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Being Journalists Is Dangerous According to World Press Freedom Index


Journalists investigate and tell the truth, questioning authority if necessary. Today, however, this role is increasingly under threat. As a result, press freedom is under attack in several areas of the world. The rise of authoritarian and nationalist leaders has contributed to the increase in acts of violence against journalists.

Moreover, they are increasingly being pointed out as scapegoats. The confirmation of this alarming trend comes from the World Press Freedom Index 2019, published annually by Reporters Without Borders (Rwb).

What Is the World Press Freedom Index?

The World Press Freedom Index shows how hatred of journalists has degenerated into violence, contributing to increased fear.

The report thus reveals the growing hostility towards journalists, often fostered by political leaders. As a result, the number of countries considered safe continues to drop. Since 2002, the first year of publication of the index by RWB, the situation has never been so serious. In fact, the global indicator has fell by 13% since 2013. In addition, the number of countries where the situation for journalists is good has decreased by 40%.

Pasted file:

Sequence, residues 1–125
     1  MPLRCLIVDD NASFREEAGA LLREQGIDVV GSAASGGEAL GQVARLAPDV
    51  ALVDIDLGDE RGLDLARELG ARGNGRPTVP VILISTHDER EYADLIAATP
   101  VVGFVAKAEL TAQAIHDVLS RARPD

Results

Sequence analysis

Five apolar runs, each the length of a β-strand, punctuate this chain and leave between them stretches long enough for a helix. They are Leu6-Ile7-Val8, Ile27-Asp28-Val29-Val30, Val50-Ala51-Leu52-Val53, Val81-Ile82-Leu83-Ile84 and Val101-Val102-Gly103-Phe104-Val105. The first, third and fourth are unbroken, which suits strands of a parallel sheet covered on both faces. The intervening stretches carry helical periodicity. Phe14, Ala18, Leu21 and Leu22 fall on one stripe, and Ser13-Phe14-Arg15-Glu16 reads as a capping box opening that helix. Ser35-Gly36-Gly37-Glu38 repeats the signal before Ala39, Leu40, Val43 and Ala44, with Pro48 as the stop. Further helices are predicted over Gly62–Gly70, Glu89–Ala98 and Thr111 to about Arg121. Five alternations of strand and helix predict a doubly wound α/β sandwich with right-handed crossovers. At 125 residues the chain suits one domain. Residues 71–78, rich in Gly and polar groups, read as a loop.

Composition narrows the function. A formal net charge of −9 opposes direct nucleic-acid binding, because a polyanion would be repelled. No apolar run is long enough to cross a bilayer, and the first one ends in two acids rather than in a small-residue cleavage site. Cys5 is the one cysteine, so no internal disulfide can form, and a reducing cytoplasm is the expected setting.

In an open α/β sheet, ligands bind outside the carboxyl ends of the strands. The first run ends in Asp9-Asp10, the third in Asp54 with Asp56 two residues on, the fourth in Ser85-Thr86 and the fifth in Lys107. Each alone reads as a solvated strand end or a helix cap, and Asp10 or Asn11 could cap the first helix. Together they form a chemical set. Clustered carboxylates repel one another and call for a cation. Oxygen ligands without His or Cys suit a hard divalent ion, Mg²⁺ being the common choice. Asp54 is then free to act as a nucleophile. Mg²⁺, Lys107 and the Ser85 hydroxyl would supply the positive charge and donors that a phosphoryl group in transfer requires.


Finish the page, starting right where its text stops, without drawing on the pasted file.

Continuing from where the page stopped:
The index by RWB evaluates each year the level of freedom of journalism in 180 countries. In particular, it focuses first of all on the level of pluralism. Secondly, it considers the independence of the media, the environment in which the media operate and self-censorship. Moreover, it takes into account the legal framework, transparency and quality of the infrastructures supporting the production of news and information. On the other hand, it does not evaluate the policy of the governments of the states analysed.

Why Being Journalists Is Dangerous

2018 was one of the deadliest years ever for journalists. In fact, more than eighty reporters died worldwide. 2019 is going just as badly. One of the most tragic cases of 2019 concerns the Saudi journalist Jamal Khashoggi. He was murdered last October in the consulate of Saudi Arabia in Turkey because he was considered uncomfortable by the Saudi regime.

Despite the risks and threats, many investigative reporters continue to work in the name of the truth. In order to hinder them, some countries, such as France and Malta, try to punish them financially. In other countries instead, such as Poland and Bulgaria, “too curious” journalists end up in prison.

Finally, the World Press Freedom 2019 warns against the danger of disinformation, especially in some parts of the world. In Myanmar, for example, the manipulation of social networks has produced a surge in anti-Rohingya hate messages, an ethnic group of Islamic religion. As a result, the seven-year prison sentences handed down to two Reuters journalists for attempting to investigate the Rohingya genocide were considered “normal”.

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